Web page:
top of page
  • Writer's picturemindflowperformance

The Impact of Eating Disorders on the Brain

Dr Oliver Finlay


KEY POINTS


· Individuals with eating disorders, such as anorexia nervosa and bulimia nervosa, exhibit reductions in grey matter volume in areas associated with cognitive control, reward processing, and body perception, suggesting neurobiological changes underlying the symptoms of eating disorders.


· White matter alterations are observed in individuals with eating disorders, including disruptions in the integrity and connectivity of white matter tracts, which may underlie cognitive impairments, emotional dysregulation, and disturbances in body image perception commonly seen in eating disorders.


· Individuals with eating disorders exhibit dysregulation of neurotransmitters, including alterations in serotonin, dopamine, glutamate, and GABA levels in the brain, which are associated with symptoms such as disturbed appetite regulation, mood disturbances, reward processing abnormalities, and alterations in cognitive control, contributing to the development and maintenance of eating disorders.


· Individuals with eating disorders display dysregulation of hormones, including abnormalities in leptin and ghrelin levels, which contribute to disruptions in appetite regulation, energy balance, and body weight, playing a significant role in the development and persistence of eating disorders.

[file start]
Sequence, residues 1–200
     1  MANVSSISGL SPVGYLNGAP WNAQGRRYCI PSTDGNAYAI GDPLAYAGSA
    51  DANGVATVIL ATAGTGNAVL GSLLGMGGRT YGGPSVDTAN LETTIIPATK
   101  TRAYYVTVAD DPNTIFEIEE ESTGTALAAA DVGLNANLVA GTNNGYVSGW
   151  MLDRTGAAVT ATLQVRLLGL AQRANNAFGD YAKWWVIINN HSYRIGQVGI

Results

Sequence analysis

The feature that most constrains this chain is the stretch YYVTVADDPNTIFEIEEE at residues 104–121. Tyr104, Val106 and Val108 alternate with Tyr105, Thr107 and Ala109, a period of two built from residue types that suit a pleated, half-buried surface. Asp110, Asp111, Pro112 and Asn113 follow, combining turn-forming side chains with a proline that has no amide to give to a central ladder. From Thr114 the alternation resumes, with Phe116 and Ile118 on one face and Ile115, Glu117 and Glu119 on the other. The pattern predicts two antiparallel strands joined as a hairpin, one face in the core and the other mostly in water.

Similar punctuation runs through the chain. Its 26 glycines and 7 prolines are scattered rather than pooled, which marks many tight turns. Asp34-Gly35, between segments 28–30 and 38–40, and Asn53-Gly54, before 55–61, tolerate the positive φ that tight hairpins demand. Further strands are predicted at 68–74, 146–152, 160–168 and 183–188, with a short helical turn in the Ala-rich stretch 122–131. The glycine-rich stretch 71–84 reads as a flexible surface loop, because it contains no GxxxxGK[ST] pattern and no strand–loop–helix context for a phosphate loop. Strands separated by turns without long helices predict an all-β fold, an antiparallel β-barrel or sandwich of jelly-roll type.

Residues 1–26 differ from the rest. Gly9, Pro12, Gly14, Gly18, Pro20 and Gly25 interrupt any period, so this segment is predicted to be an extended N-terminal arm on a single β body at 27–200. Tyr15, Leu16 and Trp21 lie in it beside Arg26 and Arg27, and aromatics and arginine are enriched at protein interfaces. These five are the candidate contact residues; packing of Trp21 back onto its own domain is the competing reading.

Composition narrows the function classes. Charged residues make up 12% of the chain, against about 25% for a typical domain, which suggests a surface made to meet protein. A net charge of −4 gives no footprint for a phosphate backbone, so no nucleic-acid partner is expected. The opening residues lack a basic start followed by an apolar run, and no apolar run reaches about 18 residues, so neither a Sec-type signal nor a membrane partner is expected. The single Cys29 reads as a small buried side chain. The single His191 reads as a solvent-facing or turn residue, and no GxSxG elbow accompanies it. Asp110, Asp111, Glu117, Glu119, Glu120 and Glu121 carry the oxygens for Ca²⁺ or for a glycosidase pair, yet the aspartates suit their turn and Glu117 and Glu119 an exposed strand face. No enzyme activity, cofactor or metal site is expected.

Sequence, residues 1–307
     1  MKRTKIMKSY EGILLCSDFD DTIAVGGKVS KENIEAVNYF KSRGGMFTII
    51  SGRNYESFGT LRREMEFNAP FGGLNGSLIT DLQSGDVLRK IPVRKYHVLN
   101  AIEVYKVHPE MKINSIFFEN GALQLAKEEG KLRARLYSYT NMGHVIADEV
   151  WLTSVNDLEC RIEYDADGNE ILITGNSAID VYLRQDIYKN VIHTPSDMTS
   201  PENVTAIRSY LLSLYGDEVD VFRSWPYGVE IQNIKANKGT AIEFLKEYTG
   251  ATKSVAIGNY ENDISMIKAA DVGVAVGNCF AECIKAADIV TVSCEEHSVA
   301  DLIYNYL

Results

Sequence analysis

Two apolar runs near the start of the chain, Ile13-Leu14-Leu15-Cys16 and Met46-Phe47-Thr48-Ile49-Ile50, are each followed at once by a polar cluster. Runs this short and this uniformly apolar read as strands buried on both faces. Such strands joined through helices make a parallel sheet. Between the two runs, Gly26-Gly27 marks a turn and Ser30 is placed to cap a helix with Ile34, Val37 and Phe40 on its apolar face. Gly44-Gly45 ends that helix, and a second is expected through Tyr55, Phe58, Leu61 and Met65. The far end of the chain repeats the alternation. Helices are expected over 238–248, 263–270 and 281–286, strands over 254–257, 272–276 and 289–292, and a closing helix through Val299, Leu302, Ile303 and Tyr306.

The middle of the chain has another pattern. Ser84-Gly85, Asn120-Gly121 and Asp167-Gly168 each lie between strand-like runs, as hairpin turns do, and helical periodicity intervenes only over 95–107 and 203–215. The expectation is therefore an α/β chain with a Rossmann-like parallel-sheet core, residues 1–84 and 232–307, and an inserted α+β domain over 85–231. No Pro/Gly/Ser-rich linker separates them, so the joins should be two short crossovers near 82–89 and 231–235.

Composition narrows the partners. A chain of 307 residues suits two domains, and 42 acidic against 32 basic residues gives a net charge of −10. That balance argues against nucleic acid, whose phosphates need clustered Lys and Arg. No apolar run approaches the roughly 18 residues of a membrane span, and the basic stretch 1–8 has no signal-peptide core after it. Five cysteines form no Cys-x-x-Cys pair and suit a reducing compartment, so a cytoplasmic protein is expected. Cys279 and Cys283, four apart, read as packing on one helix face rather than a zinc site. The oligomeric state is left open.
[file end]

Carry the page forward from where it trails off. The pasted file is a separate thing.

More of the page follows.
· Dysregulation of myokines, such as irisin, IL-6, and BDNF, is observed in individuals with eating disorders, which may contribute to altered energy metabolism, inflammation, and impaired neuroplasticity, potentially influencing the pathophysiology and symptomatology of eating disorders.


· Individuals with eating disorders exhibit dysfunction in neural circuits, including impaired cognitive control, altered reward system, dysregulated stress response and impaired emotional regulation, influencing the development and maintenance of eating disorders, highlighting the complex interplay between neural circuits and systems involved in these conditions.



Eating disorders are complex mental health conditions that can have significant physical and psychological consequences. People of every age, race, size, gender identity, and sexual orientation experience eating disorders. According to National Association of Anorexia Nervosa and Associated Disorders (ANAD), at least 10% of the population is struggling with an eating disorder, disordered eating, and/or body image.


Eating disorders are among the deadliest mental illnesses, second only to opioid overdose. A staggering 26% of people with eating disorders attempt suicide and each year, suicide contributes to approximately 10,200 deaths (1 death every 52 minutes) that are the direct result of an eating disorder.


These statistics represent the high personal cost of eating disorders and yet the amount invested by federal and regional governments to support this cohort of the population is horrifically low in many countries. Given that the total estimated economic cost of eating disorders is $64.7 billion every year, perhaps it is time to realise that this societal issue needs far greater investment to improve accessibility to specialist resources and reduce the overall personal and economic impact of these diseases.